Cinema Review: The Little Hours | Under the Radar Magazine Under the Radar | Music Blog for the Indie Music Magazine
Sunday, February 25th, 2024  

The Little Hours

Studio: Gunpowder & Sky
Directed by Jeff Baena

Jun 30, 2017 Aubrey Plaza
Bookmark and Share

It’s tough marketing movies in 2017, when there’s an avalanche of new films coming to theaters every week and others dropping daily on streaming services and VOD. This is especially true for movies that are a bit left-of-center, which makes the trailers for The Little Hours that much more disappointing. Selling the film as a wacky raunchfest where nuns scream obscenities at each other and passers-by is… not technically false advertising, but mischaracterizes much of what differentiates the film from other modern comedies.

Based on a tale from The Decameron, a collection of 100 novellas written by Giovanni Boccaccio in the mid-14th century, The Little Hours is a farcical comedy about Massetto, a servant on the run after sleeping with his master’s wife. He takes shelter at a convent where the head priest recommends he pass himself off as a deaf mute to minimize his interaction with the nuns. This plan fails to deter sisters Alessandra, Genevra and Fernanda, all of whom are dissatisfied with their lot in life and view this new disruption as a means to create chaos.

The eclectic cast assembled by writer/director Jeff Baena – including his IRL partner Aubrey Plaza and newlyweds Dave Franco and Alison Brie – certainly seems suited to a typical studio comedy. The film features the requisite amount of illicit sex, drug abuse and foul language, but unlike improv-heavy studio films, The Little Hours doesn’t feel like someone cobbled together a funny cast, put them on some sets and just let the cameras roll. Each major character has a distinct emotional arc that is well-drawn and fleshed out by scenes of actual dramatic heft amidst the anachronistic swearing. The rare moments that indulge in improvisational-sounding jokes – specifically Franco’s Massetto confessing increasingly graphic sexual indiscretions to John C. Reilly’s befuddled Father Tommasso – feel like concessions to modern comedic sensibilities and end up being the weak links in what is otherwise a consistently funny ninety minutes. The cast is predictably excellent, although the MVP is Kate Micucci as Sister Genevra. While Brie and Plaza are playing variations on their established personas, Micucci does an excellent job of making the sheltered, self-conscious Genevra feel completely in step with the deranged turn that the character takes in the film’s back half.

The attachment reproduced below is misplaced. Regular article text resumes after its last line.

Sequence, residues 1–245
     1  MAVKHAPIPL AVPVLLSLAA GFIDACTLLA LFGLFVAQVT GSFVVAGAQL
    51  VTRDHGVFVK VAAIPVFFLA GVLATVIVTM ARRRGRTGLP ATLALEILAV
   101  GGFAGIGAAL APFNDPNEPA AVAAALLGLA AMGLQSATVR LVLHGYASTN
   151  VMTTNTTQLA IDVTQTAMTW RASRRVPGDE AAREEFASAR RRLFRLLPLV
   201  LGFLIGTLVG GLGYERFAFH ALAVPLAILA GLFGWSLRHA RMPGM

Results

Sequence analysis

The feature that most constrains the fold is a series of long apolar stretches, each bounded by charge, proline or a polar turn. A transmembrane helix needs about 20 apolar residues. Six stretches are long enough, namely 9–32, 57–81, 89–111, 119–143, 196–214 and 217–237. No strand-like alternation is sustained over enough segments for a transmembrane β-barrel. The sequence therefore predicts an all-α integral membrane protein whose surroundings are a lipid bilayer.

Further distancing The Little Hours from standard studio fare is the look Baena and his team bring to the film. Shooting in the Tuscan countryside was smart production move, and not just for the gorgeous views. It lends the film an authenticity that would have been impossible to recreate with California doubling, and goes a long way toward making the whole enterprise feel convincing, despite these characters from 1347 talking like it’s 2017. The wordless opening sequence – featuring Plaza’s Sister Fernanda leading a lost donkey back to the convent – is shockingly pastoral, as though it were the opening to some little-seen Italian gem of the 1970s. It’s a tiny microcosm of the film as a whole, which proves that things can be funny and irreverent as well as visually interesting and thoughtful.

Author rating: 7/10

Rate this movie
Average reader rating: 5/10


Submit your comment

Name Required

Email Required, will not be published


Remember my personal information
Notify me of follow-up comments?

Please enter the word you see in the image below:

July 18th 2017

The Little Hours is one of my favorite movie in this 2017 world which i have seen in my UKMovNow App( Ill recommend this app to all my colleagues and watch it in UKMovNow app apk on android and iOS.